Twilight of the Habsburgs: The Life and Times of Emperor Francis Joseph
by Alan Palmer
Grove, 388 pp., $27.50
Francis Joseph was Emperor of Austria from 1848 to 1916—that is, for almost sixty-eight years. This is the longest period of effective rule by one person in European history. The exceptional length of his reign had real significance. He ruled so unconscionably long that in the minds of many he has subsumed all Austrian sovereigns. When I tell people that I am writing the life of Joseph II, his great-great-uncle, who incidentally became ruler of Austria exactly sixty-eight years before him, they usually assume I must be talking about Francis Joseph. Indeed, one elderly Czech assured me that as a schoolboy he had actually seen Joseph II in the flesh. The emperor he had seen, of course, was Francis Joseph.
Francis Joseph’s almost mythical status reflects not only the inordinate length of his reign but also the fact that he ruled over such a vast and ancient empire. It included the whole of present-day Austria, Hungary, the Czech Republic, Slovakia, Slovenia and Croatia, substantial parts of Serbia. Romania, Poland, Ukraine and Italy—and, at the very end of his reign, Bosnia-Herzegovina as well. This huge agglomeration of territories had been accumulated over many centuries by the Habsburg dynasty, of which he was the heir. But his empire survived him by only two years, and its very existence now seems barely credible.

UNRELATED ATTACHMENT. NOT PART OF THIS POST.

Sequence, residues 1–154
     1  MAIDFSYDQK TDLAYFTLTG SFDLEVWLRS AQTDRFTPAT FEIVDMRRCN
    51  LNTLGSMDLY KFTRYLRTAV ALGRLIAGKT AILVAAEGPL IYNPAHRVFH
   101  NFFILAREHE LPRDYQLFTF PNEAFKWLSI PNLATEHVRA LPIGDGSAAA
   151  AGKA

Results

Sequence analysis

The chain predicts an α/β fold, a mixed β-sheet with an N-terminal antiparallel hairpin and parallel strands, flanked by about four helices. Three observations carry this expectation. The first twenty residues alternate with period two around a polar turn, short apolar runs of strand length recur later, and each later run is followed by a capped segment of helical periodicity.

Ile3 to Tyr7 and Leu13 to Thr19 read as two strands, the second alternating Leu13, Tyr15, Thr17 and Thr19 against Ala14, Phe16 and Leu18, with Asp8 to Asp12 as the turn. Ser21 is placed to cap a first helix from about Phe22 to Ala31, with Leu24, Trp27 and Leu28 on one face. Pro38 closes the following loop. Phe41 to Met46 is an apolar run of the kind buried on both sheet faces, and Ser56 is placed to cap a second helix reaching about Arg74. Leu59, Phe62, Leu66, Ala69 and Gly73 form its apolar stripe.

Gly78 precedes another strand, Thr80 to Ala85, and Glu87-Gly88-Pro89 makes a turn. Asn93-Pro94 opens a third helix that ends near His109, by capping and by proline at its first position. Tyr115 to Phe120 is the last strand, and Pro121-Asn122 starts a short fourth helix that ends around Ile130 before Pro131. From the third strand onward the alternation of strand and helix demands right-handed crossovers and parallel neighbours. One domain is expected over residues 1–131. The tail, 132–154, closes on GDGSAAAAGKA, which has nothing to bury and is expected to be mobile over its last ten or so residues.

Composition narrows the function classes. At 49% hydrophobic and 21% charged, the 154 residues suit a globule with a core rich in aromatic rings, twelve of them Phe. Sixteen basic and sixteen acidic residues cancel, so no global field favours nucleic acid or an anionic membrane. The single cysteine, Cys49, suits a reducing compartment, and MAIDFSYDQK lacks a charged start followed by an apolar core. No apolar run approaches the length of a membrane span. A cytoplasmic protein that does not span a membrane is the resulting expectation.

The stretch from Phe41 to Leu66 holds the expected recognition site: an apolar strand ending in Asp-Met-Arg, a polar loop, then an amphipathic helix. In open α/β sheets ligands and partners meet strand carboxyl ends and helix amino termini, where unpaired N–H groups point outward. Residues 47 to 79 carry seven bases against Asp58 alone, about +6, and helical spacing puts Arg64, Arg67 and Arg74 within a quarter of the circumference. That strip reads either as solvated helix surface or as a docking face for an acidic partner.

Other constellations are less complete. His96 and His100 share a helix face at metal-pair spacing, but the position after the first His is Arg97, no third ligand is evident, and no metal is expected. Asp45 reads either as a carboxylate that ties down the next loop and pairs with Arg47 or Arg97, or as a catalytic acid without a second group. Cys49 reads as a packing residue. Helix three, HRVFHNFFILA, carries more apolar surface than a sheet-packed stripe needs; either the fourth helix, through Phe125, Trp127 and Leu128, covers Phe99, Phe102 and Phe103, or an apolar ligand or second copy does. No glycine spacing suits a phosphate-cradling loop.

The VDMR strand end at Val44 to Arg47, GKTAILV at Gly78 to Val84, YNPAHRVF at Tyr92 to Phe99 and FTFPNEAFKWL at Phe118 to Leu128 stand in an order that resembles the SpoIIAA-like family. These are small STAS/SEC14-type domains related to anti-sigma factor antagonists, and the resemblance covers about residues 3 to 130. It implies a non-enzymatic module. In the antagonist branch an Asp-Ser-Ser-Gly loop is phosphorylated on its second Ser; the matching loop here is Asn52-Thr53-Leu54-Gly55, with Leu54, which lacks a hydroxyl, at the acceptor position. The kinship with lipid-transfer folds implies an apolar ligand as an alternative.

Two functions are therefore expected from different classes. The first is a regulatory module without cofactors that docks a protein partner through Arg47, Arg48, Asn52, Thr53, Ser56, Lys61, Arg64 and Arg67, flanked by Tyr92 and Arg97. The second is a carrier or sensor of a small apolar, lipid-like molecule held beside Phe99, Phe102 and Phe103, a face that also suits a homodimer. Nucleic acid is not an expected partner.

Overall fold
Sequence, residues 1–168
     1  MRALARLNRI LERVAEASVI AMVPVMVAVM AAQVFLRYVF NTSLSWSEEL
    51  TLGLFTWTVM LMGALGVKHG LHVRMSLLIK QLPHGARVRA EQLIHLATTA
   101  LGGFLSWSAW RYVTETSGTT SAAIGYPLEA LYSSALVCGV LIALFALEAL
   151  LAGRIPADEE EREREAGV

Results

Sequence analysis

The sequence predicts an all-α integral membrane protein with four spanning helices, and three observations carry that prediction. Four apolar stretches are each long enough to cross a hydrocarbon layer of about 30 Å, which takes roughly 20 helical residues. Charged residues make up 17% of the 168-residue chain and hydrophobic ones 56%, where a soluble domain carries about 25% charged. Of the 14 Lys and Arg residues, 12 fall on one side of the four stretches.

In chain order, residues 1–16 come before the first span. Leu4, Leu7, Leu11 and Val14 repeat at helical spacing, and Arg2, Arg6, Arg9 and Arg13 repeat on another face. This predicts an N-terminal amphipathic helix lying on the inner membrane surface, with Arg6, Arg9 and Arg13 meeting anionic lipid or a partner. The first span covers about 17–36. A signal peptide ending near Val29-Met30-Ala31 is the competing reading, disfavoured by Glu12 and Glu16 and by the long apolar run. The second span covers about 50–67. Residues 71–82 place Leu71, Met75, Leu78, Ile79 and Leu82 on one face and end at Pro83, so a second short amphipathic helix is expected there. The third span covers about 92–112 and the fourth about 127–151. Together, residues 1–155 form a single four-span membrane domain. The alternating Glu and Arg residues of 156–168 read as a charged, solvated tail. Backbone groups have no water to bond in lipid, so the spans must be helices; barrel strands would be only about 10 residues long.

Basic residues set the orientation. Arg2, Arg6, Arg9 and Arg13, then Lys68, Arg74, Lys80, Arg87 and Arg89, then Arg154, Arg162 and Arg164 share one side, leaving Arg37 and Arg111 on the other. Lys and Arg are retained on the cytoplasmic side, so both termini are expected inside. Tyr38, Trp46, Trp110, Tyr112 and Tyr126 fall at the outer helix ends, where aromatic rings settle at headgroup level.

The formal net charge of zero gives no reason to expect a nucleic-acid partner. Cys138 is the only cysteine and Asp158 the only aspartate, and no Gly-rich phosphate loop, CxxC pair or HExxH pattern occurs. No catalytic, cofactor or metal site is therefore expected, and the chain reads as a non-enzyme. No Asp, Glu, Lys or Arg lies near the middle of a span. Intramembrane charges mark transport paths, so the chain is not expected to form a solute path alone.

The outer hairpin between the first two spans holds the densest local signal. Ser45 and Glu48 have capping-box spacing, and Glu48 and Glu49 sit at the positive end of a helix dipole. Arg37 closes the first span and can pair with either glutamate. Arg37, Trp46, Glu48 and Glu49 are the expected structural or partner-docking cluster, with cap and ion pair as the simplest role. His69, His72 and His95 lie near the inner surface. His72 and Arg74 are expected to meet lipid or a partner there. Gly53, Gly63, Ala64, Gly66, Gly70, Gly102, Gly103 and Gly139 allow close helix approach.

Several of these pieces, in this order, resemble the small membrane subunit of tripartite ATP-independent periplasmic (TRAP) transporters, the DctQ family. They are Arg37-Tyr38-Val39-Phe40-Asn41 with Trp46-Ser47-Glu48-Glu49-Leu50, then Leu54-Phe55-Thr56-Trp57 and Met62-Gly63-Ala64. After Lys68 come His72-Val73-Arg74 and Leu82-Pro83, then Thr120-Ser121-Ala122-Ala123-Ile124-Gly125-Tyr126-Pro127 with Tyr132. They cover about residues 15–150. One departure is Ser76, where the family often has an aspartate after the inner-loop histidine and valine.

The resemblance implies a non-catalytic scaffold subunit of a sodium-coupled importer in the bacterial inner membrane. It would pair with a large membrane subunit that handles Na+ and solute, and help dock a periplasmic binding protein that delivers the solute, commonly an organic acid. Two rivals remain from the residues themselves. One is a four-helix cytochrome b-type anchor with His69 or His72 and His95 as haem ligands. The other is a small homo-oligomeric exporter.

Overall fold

Anyone who has visited Vienna will know that Francis Joseph holds a place in the Austrian historical consciousness rivaled only by Joseph II’s mother, Empress Maria Theresa. Alan Palmer, whose Twilight of the Habsburgs is a biography of Francis Joseph, claims that he “continues to attract more personal sympathy than any other ruler in continental Europe since the Napoleonic upheavals.”
Francis Joseph became emperor during the 1848 revolutions. The Austrian Court had decamped to Olmütz in Moravia because Vienna was at the mercy of revolutionary workers and students. The last-minute grant of a constitution by the feeble-minded Emperor Ferdinand had not satisfied his subjects. On the contrary, leaders of many of the numerous nationalities of the Empire were demanding autonomy or independence. Hungary was in revolt and seemed beyond recovery. In this crisis Ferdinand was induced to abdicate; his brother, Francis Joseph’s father, was passed over; and the young Francis Joseph, who had just reached the age of eighteen, was made emperor instead. His mother, the manipulative Archduchess Sophie, had been scheming for some time to place him on the throne. He had shown some military aptitude, was handsome and responsible, and he seemed to the grandees of the Empire to offer the best chance of restoring imperial power.
Within a few months all the provinces had been pacified, but to subdue Hungary Francis Joseph had had to ask for the help of a Russian army—a humiliation for the Emperor, and to the Hungarians proof of his despotism. The Emperor soon threw what he called “all that constitutional stuff overboard” and inaugurated a phase of “neo-absolutism.” In 1859 he embarked on a war intended …